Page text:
Hi Oor Wullie,
I found the following at another website and, given this information, and the fact that a Sternstein is not listed in the Glasgow directories as a photographer, I think that establishment is no longer active.
Mr Sternstein's Photos...http://www.hz06.dial.pipex.com/issue36/i36s7stern1.html
In June 2001, we had a letter from Allen Sternstein, whose father photographed and processed all the class photos from the 1940s to the 1970s, produced by the "J. & S. Sternstein" company in Glasgow. The company was founded by his great-grandfather, Jachiel Sternstein, and his grandfather Sigmund, from Hamburg.
Allen had found our web site while searching the Internet for references to the name "Sternstein". He'd looked at our photo from Stuart Tod in 1969, but we also have Jimmy Brown's photo from 20 years earlier, showing the Sternstein name, and most other class photos we've had from Former Pupils were taken by the company.
"Your students and staff may be interested to know that the photo would have sold for two shillings and six pence (12.5p) in 1969 and was manufactured using the same production and finishing methods that my grandfather used in the early 20th Century.
"The camera he used at that time was a wooden camera with bellows and a wooden tripod - the film was mounted in a wooden casette and he would have had a black heavy cloth over the back of the camera, under which he would have removed a cover to expose the film to make the picture.
"Shortly after the photo was taken, my father updated the product range to include colour photography. This change was substantial, as it heralded the end of the company's manufacturing and finishing operation after nearly 100 years of photo artistry. I can well remember my father agonising over the rise price from 2/6d to 7/6p (37.5p)!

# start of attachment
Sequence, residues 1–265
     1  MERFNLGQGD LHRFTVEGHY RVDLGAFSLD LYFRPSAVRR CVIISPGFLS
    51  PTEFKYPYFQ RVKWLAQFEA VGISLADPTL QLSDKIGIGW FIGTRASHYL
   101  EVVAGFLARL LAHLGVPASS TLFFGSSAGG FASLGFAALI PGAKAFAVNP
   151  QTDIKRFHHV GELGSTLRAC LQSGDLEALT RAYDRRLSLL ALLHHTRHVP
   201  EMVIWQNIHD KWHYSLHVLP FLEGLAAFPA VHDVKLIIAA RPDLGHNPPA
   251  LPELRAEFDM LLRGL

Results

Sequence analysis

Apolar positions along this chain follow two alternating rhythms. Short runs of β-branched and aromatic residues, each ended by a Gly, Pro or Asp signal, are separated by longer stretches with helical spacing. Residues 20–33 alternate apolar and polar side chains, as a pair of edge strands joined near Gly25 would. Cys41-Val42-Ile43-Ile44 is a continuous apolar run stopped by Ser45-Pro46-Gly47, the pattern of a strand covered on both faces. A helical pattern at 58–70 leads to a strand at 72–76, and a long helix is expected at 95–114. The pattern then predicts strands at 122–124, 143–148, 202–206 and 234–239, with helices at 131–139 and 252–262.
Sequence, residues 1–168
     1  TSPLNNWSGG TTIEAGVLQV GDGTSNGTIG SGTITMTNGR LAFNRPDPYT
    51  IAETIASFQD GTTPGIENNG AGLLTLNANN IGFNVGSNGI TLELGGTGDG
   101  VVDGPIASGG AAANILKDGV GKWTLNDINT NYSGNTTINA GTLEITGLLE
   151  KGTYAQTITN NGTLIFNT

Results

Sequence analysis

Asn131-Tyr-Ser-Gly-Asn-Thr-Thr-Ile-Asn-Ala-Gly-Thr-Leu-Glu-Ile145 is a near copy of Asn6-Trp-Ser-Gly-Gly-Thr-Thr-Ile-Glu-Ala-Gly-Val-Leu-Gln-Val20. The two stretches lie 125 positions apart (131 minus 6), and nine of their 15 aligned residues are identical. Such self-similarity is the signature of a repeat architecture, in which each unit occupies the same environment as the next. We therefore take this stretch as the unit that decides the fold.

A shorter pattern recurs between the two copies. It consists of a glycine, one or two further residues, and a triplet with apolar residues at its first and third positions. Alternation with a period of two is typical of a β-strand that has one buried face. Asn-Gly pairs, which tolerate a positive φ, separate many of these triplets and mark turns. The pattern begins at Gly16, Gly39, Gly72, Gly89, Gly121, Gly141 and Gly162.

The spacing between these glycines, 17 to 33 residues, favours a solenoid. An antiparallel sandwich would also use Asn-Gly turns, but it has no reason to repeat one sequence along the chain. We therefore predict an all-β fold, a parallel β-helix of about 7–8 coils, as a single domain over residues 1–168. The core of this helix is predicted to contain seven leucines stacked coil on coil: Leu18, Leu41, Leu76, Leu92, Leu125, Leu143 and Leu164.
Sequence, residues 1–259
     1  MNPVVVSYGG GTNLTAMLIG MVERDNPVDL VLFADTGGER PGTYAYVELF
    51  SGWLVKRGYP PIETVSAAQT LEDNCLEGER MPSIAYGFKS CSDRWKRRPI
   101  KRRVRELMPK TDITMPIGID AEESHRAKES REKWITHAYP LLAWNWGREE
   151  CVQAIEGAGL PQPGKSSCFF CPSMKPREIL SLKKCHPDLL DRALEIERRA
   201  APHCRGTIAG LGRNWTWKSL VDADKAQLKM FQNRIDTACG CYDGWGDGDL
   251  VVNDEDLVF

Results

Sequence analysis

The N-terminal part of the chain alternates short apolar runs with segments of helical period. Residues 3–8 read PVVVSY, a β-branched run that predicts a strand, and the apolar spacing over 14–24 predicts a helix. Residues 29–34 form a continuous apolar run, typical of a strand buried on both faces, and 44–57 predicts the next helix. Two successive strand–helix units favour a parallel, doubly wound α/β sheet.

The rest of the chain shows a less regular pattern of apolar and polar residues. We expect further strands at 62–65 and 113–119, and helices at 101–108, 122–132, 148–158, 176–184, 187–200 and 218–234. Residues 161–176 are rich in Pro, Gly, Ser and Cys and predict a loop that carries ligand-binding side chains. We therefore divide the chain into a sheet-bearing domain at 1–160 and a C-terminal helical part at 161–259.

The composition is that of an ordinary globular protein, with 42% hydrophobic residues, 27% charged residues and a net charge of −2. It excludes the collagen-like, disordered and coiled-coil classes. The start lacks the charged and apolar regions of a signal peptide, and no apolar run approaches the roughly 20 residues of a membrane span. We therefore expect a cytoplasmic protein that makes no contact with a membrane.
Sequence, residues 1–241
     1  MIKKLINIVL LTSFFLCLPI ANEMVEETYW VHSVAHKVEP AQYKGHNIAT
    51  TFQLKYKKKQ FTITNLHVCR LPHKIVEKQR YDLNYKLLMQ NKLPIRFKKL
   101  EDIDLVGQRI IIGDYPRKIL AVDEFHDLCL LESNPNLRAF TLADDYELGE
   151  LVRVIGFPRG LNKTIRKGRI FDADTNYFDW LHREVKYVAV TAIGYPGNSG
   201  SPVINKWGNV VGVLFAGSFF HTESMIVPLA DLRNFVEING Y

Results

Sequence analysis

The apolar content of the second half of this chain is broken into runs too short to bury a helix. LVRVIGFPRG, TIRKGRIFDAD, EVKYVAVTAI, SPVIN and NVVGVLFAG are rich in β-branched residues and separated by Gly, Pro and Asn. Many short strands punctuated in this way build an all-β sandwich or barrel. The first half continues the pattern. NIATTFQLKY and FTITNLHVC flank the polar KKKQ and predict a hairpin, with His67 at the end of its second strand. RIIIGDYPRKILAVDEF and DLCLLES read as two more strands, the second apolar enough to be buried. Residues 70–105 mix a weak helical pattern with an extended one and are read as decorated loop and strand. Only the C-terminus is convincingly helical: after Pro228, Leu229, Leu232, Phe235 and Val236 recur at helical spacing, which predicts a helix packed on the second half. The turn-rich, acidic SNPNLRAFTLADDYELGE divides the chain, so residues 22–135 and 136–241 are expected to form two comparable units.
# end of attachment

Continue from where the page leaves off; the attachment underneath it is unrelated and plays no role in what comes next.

"Many schools across the central belt and south of Scotland have photographs by J & S Sternstein and have displays on show in local museums. The business began in 1873 and actually established itself during the first World War when soldiers visited the studio to have their photo taken before going off to war.
"During the second World War, there were severe restrictions on the availability of photographic materials for civil use, so the business could not continue until the war ended.
"The letters in the company name (J & S) stood for Jachiel and Sigmund, the names of my great-grandfather and grandfather. They came to Scotland in the mid 1800's from Hamburg and settled in Glasgow.
"Well, I hope the information above will be of some interest and I wish you all success in your Web activities."
Your editor wrote back to Allen, saying that he too remembered having class photos taken by Sternstein in Glasgow, and still had the photos. Like many of the Holmston Former Pupils' photographs, the quality of the pictures is very good, even when copied and compressed for fast downloads over the Internet.
Allen replied -
"Yes. It would have been my father that took your photo in the 50's and 60's. It is quite amazing how many people from their 40's onwards still have photos in good condition.
"In the 30's my grandfather was made an associate of the Royal Photographic Society (a rare honour for a Scotsman) for his photographic skills and work quality. There were only a few people given that award in the country.
"I still actually have the article from the newspaper and the certificate. He was a photo artist and the quality was built to last. They did make photographs to last 100 years in those days - but of course they had to wait 100 years to prove the point!
"He also was commissioned to photograph the Rennie Mackintosh Glasgow Art College and I still have the portfolio. I also have sepia-tone (the brown colour photos) school group photos taken from 1879 and they are still in excellent condition - it is some of these that are in the museum in Biggar.
"During the First War, and on active service, he took his camera to the battlefields and I still have the photos and the negatives."